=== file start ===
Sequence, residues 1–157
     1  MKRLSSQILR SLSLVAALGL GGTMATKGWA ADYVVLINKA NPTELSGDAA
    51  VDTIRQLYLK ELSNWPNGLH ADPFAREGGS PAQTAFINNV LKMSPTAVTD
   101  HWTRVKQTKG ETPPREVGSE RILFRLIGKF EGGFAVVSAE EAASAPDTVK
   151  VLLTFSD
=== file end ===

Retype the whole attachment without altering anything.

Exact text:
Sequence, residues 1–157
     1  MKRLSSQILR SLSLVAALGL GGTMATKGWA ADYVVLINKA NPTELSGDAA
    51  VDTIRQLYLK ELSNWPNGLH ADPFAREGGS PAQTAFINNV LKMSPTAVTD
   101  HWTRVKQTKG ETPPREVGSE RILFRLIGKF EGGFAVVSAE EAASAPDTVK
   151  VLLTFSD